Harvestworks, New York City, provides sound and computer technology and related services to emerging and mid-career artists through a Production Access Studio and a multimedia laboratory. Jerome Foundation funding of $18,000 over a two-year period will assist Harvestworks in continuing its Artist-in-Residence program.
Jerome Foundation Directors authorized a $10,000 grant to the WALKER ART CENTER, Minneapolis, Minnesota, in support of the commissioning, development and presentation of new theatrical work by MICHAEL SOMMERS and ANDREW MCCORMICK. The new work, titled A Prelude to Faust, is scheduled for 21 performances from mid-November through early December 1998 at Patricks Cabaret. This will be the major Twin Cities component of a new Walker-sponsored, five-part experimental puppetry series. A Prelude to Faust will feature live actors, puppets and other figures in an intricately designed unit set, accompanied by original music performed live. The work explores the concept of the fatal deed, a delicate choice or action that confronts the doer with the realization that
PATRICKS CABARET, Minneapolis, Minnesota, received $15,120 to support fees for emerging artists to develop and present new works in cabaret evenings. The mission of the Cabaret is to support artists in their growth and development, providing an environment that encourages risk taking and artistic growth. The Cabaret addresses the need for artists to have a place to create new works and refine their artistic abilities in front of audiences receptive to such raw work. Since 1996, the Cabaret has maintained its original, successful model of presenting a shared evening with artists of mixed artistic disciplines and levels of experience.
Writer SHARON K. HER received funding to spend three to four weeks in Golden Triangle, Thailand, and Vientiane, Laos, researching traditional Hmong villages and lifestyles to improve and authenticate the voices and settings in her writing. Having fled Laos at the age of two, Her has no memory of her familys country. Visiting communities in Southeast Asia will give her insight into the characters in her stories who grew up in all-Hmong societies. She will observe, in detail, the physical landscapes of each area to illuminate the scenes captured in her writing.
S.A.S.E.: THE WRITE PLACE, Minneapolis, Minnesota, acting as fiscal agent for the organization MIZNA, received a grant of $14,000 in support of the publication of the Mizna journal. Mizna, a nonprofit forum promoting Arab American culture, is committed to giving voice to Arab American artists through literature, film and performance. Jerome financing focuses on the literary journal Mizna, which, since 1999, has published the writing and artwork of over 150 Arab American writers and artists. As one of the only such journals of its type in the country, it has published 11 issues for a subscriber base of 455 and for distribution to libraries, universities and community centers. One of the purposes of the journal, issued twice each year, is to identify and publish the work of emerging writers. While the journal predominantly includes writing by Arab American authors, it is also open to writing by other authors dealing with Arab American subjects.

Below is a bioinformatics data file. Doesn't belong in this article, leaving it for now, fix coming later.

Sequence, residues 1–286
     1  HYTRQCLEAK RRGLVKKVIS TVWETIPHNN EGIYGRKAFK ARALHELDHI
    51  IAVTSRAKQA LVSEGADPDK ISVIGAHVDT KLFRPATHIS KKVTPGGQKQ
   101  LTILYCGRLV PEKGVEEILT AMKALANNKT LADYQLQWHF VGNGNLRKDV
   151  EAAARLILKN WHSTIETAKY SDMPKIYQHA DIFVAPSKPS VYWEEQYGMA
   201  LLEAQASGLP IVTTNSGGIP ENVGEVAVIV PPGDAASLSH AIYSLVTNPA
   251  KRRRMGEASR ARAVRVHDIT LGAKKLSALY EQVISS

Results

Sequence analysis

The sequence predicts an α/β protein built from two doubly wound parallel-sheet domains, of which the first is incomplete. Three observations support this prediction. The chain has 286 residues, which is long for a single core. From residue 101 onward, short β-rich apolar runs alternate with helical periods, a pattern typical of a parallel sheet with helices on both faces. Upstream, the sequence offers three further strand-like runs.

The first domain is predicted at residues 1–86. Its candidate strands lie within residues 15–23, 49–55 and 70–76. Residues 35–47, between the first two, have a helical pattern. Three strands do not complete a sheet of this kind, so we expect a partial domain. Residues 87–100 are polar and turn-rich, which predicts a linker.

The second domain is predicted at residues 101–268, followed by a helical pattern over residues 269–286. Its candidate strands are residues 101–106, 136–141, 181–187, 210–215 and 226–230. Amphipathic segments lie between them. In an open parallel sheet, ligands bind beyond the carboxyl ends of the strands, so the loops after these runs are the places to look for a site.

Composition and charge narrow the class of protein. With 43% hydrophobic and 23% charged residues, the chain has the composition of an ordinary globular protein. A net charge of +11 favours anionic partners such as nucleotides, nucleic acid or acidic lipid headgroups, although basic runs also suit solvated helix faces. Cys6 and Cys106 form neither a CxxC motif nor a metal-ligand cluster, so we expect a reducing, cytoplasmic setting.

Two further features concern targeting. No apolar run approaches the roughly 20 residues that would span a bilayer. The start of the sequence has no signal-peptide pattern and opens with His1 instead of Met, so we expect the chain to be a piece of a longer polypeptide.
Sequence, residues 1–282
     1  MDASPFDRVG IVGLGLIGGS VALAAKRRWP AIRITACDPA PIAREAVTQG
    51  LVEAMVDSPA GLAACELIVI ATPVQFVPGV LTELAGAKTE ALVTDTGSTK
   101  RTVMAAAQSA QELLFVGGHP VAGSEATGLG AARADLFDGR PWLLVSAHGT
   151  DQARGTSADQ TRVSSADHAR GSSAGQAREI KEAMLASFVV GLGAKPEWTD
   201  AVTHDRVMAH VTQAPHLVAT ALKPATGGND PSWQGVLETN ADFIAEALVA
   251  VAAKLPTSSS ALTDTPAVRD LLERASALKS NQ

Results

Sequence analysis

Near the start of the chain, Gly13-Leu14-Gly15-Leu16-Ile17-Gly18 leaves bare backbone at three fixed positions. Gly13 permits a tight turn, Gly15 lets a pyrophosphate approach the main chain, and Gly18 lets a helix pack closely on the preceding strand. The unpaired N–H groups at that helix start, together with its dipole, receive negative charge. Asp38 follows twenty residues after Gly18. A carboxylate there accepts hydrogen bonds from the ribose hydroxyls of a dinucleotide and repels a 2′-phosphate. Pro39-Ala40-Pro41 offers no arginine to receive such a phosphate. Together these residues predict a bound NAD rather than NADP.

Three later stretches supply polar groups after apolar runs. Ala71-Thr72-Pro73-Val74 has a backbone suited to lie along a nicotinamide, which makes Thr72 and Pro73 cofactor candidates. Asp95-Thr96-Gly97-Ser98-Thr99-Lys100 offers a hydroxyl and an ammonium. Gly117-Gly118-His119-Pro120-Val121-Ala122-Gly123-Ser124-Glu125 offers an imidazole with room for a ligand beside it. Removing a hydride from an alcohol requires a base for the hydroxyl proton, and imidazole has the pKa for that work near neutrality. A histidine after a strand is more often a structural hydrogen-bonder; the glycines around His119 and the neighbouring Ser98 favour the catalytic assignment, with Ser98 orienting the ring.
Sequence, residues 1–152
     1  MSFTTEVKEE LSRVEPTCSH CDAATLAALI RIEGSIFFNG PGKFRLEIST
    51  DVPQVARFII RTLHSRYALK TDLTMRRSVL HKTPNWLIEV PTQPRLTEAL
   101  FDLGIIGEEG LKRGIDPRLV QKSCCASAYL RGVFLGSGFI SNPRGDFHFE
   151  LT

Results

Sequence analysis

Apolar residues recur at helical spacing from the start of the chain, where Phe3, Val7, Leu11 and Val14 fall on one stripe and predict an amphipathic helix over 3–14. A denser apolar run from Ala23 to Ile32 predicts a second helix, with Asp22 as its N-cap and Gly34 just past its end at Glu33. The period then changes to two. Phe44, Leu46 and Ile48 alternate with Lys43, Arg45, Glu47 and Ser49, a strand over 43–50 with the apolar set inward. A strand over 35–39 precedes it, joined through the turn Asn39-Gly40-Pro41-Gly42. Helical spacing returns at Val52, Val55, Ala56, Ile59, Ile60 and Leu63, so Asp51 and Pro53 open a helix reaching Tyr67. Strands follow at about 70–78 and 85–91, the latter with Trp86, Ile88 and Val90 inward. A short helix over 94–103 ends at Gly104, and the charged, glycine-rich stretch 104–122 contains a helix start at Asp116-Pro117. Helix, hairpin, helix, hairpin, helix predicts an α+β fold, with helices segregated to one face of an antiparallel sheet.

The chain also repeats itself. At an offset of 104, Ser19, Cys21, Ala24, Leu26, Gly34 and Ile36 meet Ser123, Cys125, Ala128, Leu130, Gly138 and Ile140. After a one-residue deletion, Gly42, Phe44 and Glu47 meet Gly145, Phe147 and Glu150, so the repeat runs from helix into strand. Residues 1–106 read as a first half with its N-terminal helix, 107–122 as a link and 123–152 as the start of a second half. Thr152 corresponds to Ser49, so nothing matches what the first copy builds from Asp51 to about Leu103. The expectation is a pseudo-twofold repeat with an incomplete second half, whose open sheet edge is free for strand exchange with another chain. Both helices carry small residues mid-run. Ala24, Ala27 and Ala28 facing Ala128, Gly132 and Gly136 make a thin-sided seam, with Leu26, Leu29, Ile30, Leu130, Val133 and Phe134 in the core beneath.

HERE, New York City, received $20,000 to support the creation and production of new works by core artists. A multi-arts center with performance spaces, galleries and a caf, HERE supports the innovative work of artists at all levels in their careers. Jerome funding will be directed toward two works by Fernando Maneca, Just Like a Man: Personal Anecdotes, Confessions and Other Tall Tales and Today I am Feeling a Bit Less Cynical. The first is a solo hybrid performance piece exploring what it means to be a man. The second is an ensemble piece inspired by the existential writings of Franz Kafka and Fernando Pessoa. Kristin Marting is developing a new work, The Winds of Her Misfortune, inspired by the writing of Gabriel Garcia Marquez. Marting will collaborate with Todd Griffin to examine the role of first world imperialism in third world societies through her gestural vocabulary and his low-tech music.